A 5,000-year-old monument has reappeared in Spain after being submerged at the bottom of a reservoir for 50 years.
The megalithic site features 144 granite blocks which stand more than six-foot tall and has been dubbed ‘Spanish Stonehenge’.
Its similarity to the UNESCO World heritage site in Wiltshire is striking, but the Iberian version is made of smaller rocks.
It was thought to be condemned to the history books in the 1960s when a Spanish general ordered the construction of a hydroelectric dam in Peraleda de la Mata, near Cáceres in Extremadura.
However, a severe and prolonged drought has seen the structure emerge as the the last drops of water vanished from the barren basin.
AFTER: The 5,000-year-old Dolmen of Guadalperal monument has reappeared in Spain after being submerged at the bottom of a reservoir for 50 years
BEFORE: The Dolmen of Guadalperal had been underwater for decades (pictured) but a drought, believed to have been worsened by global warming, has caused water levels in the reservoir to drop
The water levels in the Valdecanas Reservoir have fallen so dramatically over the past five decades that the previously underwater site of the Dolmen of Guadalperal has been exposed
The megalithic site features 144 granite blocks which stand more than six-foot tall and has been dubbed ‘Spanish Stonehenge’. The stones range in age from 4,000 to 5,000 years old and it has reappeared in Spain after being submerged at the bottom of a reservoir for 50 years
Western Spain is being ravaged by a year-long drought and the Bronze Age structure, thought to be an ancient temple, can now be seen.
Hugo Obermaier, a German priest and amateur archaeologist, first found the site in 1925.
Due to the unfortunate decision-making of General Franco who opted to consign the site to obscurity when he commissioned a valley bordering the Tagus river to be flooded.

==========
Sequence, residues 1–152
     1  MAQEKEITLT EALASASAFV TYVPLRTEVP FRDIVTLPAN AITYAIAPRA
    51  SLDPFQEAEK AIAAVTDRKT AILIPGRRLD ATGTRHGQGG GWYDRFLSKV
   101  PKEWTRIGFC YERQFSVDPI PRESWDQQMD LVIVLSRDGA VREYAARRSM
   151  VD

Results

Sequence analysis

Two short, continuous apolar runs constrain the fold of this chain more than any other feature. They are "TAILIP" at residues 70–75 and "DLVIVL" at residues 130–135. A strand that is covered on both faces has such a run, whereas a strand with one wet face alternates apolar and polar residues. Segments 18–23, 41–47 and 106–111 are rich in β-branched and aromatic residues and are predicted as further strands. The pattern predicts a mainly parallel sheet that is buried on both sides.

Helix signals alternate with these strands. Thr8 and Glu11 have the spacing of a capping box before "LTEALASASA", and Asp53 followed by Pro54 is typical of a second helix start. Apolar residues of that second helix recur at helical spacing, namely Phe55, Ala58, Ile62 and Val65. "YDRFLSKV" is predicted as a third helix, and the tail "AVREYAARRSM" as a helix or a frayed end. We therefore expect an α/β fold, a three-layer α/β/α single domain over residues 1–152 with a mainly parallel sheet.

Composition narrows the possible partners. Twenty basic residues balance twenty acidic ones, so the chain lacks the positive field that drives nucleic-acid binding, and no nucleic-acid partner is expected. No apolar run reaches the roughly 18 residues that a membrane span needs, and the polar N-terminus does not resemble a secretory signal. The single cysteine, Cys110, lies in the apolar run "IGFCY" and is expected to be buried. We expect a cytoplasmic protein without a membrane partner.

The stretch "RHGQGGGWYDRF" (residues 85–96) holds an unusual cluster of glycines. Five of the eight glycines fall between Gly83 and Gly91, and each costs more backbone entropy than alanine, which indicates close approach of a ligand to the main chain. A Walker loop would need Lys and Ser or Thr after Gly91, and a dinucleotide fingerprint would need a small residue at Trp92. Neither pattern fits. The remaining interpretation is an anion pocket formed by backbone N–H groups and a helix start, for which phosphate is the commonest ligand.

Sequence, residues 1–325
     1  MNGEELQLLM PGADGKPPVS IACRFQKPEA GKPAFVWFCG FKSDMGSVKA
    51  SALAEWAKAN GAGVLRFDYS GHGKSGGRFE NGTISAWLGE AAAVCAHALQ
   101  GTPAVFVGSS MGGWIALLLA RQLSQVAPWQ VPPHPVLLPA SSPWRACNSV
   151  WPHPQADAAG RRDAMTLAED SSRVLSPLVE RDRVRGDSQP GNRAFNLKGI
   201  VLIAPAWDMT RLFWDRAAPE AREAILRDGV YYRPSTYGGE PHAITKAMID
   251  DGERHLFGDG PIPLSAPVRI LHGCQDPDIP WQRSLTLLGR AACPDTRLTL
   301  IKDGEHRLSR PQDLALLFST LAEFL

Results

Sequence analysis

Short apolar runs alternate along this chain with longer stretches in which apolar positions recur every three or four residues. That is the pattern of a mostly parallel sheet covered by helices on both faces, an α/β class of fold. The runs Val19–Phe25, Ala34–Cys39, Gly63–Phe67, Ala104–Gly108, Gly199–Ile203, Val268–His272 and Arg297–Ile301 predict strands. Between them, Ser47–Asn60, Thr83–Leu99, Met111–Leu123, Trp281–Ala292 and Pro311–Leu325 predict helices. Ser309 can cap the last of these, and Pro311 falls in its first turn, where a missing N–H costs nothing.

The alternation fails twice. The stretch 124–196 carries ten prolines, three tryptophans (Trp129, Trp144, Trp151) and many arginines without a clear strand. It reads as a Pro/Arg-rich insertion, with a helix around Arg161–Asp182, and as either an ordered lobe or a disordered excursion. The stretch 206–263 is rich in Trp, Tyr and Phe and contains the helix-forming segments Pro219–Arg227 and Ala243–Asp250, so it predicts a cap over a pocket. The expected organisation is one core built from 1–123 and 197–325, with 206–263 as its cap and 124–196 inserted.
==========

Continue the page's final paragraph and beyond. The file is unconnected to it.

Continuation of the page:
But before its rediscovery and subsequent demise, it is thought the stones would have centred around a central chamber for sun worship.
It is believed the Celts living in Iberia 4,000 years ago may have built the structure.
‘The stones have been brought from about five kilometres away to form this temple, which we think was used to worship the sun,’ Ángel Castaño, president of the Peraleda Cultural Association, told the Times.
‘In that way it has similarities to Stonehenge, but is obviously smaller.
‘People here had heard about them but had never seen them. We want the authorities to move these stones to the banks of the reservoir and to use them as a tourist attraction, as few people come to this area.’
Stonehenge’s enormous rocks are up to 30 feet in length, dwarfing the six-foot tall single monoliths uncovered in Spain.
There are more stones at the Spanish site, 1144 compared to 93 in Wiltshire.
However, Stonehenge’s monument covers 10,800 square feet (10,000 square metres), a far bigger area than the Spanish site.
Radiocarbon dating of the rocks found they range in age from around 4,000 to 5,000 years old and this ties them in curiously to the history of Stonehenge (pictured)